Please join us in congratulating both of these Champions for Kids! Learn more about the awards, past recipients, and upcoming nomination periods on our website.
Steve Gordon found himself in the midst of the conversation about childhood trauma and resilience “quite by accident.” One year ago, the renowned artist and University of Alaska Anchorage (UAA) art instructor tasked his students with a mural-painting project that explored issues of contemporary interest. The topic: the headline-topping opioid epidemic. But instead of having his students just read articles on the issue, Steve invited several “recovery advocates” to come to his class and share their life stories.
“You can talk about the epidemic generically but when you hear a personal story, you have more compassion for the struggle and the heroic effort it takes to get into recovery,” Steve shares. “Many of these people had childhood trauma and that made their addiction more understandable. It got me interested in the correlation between ACEs (adverse childhood experiences) and addiction.”
For the next series of murals, Steve decided to have his class focus on ACEs, and the Resilience After Trauma: An ACEs Mural Project was born. Adverse childhood experiences are when children are exposed to toxic stress like child abuse, domestic violence, an incarcerated parent or intergenerational trauma. These types of experiences can impair the development of a child’s brain and body so profoundly that the negative effects increase their risk of experiencing many of the physical, social and behavioral ills our communities face today, like substance abuse, homelessness or mental illness. However, there is hope – by learning healthy coping techniques and establishing supportive relationships, children and adults can develop resilience, which minimizes the impact of ACEs on their lives.
“Here we saw what can happen if a child undergoes trauma and doesn’t get any help or learn any resilience strategies,” Steve explains. “If children don’t get resources on the front end, you could be paying to put them in prison on the other end. It’s tragic.”
For the ACEs mural project, Steve invited another group of recovery advocates to speak to the students, who asked questions, took notes and photographed the speakers. “To hear what happened to them as kids, and how they are fiercely working to help others now, it was inspiring. It was impactful for me and everyone involved,” Steve says.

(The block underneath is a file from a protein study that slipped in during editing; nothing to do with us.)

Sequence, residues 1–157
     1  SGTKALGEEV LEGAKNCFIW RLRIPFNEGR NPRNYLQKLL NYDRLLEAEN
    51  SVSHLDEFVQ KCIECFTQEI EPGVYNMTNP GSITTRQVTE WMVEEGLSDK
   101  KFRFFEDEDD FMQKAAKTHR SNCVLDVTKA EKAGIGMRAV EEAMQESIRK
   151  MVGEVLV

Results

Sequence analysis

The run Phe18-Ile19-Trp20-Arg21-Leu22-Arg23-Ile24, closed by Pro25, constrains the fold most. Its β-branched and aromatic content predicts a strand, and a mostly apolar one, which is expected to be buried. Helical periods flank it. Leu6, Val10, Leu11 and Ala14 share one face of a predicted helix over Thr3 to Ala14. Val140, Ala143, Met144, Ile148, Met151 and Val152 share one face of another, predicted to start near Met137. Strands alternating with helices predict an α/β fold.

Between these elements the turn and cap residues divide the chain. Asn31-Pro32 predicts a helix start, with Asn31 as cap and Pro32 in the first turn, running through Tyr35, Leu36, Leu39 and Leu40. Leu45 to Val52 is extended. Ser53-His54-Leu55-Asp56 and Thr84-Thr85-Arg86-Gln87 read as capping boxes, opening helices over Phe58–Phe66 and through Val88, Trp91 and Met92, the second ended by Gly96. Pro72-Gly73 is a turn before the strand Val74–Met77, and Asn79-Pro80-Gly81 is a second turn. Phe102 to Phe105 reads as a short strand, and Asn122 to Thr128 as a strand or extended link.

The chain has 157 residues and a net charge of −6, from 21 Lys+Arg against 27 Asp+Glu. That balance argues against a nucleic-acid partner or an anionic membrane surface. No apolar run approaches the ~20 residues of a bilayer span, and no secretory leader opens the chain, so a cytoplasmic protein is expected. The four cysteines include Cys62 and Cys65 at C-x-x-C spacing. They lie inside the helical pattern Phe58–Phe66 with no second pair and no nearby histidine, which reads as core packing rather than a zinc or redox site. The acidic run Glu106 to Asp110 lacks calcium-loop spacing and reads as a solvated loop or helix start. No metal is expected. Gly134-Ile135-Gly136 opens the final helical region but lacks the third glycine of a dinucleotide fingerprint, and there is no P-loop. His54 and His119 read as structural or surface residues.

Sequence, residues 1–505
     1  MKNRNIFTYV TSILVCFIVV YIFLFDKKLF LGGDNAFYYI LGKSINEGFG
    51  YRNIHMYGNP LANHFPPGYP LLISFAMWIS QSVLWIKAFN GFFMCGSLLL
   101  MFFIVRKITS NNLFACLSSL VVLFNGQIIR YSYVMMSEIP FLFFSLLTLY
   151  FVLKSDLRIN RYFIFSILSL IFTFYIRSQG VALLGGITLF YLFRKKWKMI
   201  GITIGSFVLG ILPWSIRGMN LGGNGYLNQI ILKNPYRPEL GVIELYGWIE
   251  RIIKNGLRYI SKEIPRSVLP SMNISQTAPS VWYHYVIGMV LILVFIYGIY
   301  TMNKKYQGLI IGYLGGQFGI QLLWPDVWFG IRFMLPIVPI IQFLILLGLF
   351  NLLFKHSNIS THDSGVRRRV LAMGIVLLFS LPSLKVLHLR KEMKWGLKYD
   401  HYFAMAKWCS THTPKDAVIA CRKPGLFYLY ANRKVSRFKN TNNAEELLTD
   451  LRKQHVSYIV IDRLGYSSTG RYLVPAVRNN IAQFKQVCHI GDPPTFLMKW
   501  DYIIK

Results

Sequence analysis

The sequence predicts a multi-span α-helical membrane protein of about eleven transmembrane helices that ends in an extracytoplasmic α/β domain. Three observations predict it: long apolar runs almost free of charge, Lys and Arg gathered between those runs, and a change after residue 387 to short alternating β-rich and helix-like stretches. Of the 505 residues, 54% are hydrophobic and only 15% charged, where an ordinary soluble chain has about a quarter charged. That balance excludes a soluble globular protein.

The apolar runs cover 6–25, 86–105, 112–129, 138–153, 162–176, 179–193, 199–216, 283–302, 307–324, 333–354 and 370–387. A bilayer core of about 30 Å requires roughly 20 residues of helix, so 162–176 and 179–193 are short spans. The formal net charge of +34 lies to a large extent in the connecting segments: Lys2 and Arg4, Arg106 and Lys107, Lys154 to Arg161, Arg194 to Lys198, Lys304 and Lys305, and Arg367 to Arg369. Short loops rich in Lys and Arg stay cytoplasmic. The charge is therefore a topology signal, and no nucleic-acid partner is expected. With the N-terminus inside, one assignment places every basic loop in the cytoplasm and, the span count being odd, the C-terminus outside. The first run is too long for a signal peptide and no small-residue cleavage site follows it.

Then came the hard part – figuring out how to visually convey the stories of trauma and resilience in a 6-foot by 10-foot mural. Students worked together in teams to create three murals, and Steve invited four professional local artists to create pieces as well. Two local organizations – Alaska Children’s Trust and Alaska Native Medical Center Auxiliary – provided grants that helped with the cost of supplies.
“We were pleased to be able to support Steve and his students in this unique and collaborative effort to raise awareness of adverse childhood experiences and the power of resilience,” says Trevor Storrs, president/CEO of Alaska Children’s Trust. “That’s exactly what our community investment grants were created for. By working together, we can create real change and turn the tides on child abuse and neglect in Alaska.”
Once the murals were completed, the class invited the speakers back for an unveiling of their work. Each group shared how they visually depicted the life-impacting moments – both negative and positive – into the mural.
The students also wrote artists’ statements explaining how the process impacted them personally and how they incorporated the stories into the paintings. “Working on this mural together, holding these images and words from Tarah’s life has had a profound effect on all of us and we are grateful to her for what she shared with us,” wrote the team of students who painted Tarah’s story. “She is the inspiration behind every layer of paint.”
Each mural is accompanied with the artists’ statements, along with information about ACEs and resilience, making it possible for viewers to understand the project without any introduction. “Most of the general population hasn’t heard about ACEs. I hope the murals with information on ACEs and resilience help people to be more aware,” Steve says. “ACEs are real and they have a lasting, lifelong impact on the development of kids’ brains. But you can proactively give children the tools to deal with stress and become resilient. The people in these murals are evidence of that. They provide hope to others.”